I challenge all of you readers (hoping I have a few followers by now) to take a minute of your day and thank a person you know who has served in the US Armed Forces. I am lucky to know a few and you’ll find a list of people in my family who have served. But want to give a special shout out to a guy who went to college with my brother – his name is Matthew Windhol. Last December as he was literally finishing his final hours of his career with the US Marines and agreed to picked up my Dad from the airport in Hawaii. My Dad booked a last minute trip to be a part of the 75th anniversary of December 7th 1941. Windhol joined the Marines after college and truly embodies the definition of hero.
Honored to have had the following family members serve in the US Armed Services:
Captain Bruce Foerster (Dad): In September of 1963 entered the US Naval Officer Candidate School in New Port Rhode Island and also completed US Naval Destroyer School. Serving on the USS O’Brein (DD-725) he was the Weapons Officer and Senior Watcher Officer. While serving many years as a Reservist he attended the US Naval War College.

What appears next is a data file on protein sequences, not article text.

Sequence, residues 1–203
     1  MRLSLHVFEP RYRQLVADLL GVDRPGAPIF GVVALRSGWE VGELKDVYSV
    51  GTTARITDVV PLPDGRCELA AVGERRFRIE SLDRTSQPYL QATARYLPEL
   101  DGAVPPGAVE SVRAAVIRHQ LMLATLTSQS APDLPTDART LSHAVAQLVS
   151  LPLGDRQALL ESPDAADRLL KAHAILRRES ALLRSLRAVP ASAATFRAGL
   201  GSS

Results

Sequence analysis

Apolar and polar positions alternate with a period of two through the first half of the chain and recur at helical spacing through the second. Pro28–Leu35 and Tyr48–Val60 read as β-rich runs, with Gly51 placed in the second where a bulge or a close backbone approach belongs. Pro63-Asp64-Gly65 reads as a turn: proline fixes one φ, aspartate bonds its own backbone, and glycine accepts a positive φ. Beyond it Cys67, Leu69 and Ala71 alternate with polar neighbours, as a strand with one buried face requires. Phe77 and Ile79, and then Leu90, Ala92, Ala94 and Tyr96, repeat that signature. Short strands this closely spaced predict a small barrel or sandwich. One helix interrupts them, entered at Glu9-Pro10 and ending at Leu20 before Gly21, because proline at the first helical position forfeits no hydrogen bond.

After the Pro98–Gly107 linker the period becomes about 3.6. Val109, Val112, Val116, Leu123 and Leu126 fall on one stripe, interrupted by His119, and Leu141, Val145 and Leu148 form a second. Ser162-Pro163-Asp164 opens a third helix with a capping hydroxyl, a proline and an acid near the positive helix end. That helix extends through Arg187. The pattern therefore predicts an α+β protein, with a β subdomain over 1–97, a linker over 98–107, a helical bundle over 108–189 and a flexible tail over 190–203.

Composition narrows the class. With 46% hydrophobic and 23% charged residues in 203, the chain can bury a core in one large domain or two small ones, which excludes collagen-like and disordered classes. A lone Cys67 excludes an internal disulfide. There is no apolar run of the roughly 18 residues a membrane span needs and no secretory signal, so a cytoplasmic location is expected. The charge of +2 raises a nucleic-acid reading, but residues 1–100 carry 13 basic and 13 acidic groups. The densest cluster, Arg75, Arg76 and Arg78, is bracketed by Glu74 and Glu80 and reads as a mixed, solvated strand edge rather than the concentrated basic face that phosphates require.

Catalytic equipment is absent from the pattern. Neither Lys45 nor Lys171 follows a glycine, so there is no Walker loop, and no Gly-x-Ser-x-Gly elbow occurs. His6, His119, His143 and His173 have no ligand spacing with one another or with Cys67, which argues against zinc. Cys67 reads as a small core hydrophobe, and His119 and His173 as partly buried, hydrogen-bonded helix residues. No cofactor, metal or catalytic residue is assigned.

Frederick Foerster (paternal grandfather): Commissioned officer U.S. Army Medical Corps 1943; attached 298th General Hospital (formed at University of Michigan Medical School), Frenchay Park Hospital, Bristol, England. Unit landed at Utah Beach (D+39) as first general hospital in theater; took over 1500-bed French Marine Hospital in Cherbourg, France; later created 1000-bed hospital in over 200 tents outside Liegè in Alleur, Belgium (Battle of the Bulge); treated over 43,000 patients. EAME Theater ribbon with three service stars; Meritorious Unit citation; discharged Major 1946
Lt. William E. Beckham II (maternal grandfather) – JG-US Navy-Minesweeper/English Channel/Bronze Star for D-Day (6/6/1944).
Chester E Homer II (maternal great uncle): US Army/ 82nd Airborne-Private, fought at Battle of Bulge (Bastogne/Dec 1944), liberated Wobbelin Concentration Camp (near Hamburg/early Spring 1945) and served with Occupation of Berlin (post May 1945)-all by age 19.
Ashley’s War – book mentioned above
Veterans Oceans Adventures – a great organization based in South Florida. Their mission is Create an opportunity for veterans to experience the healing power of water.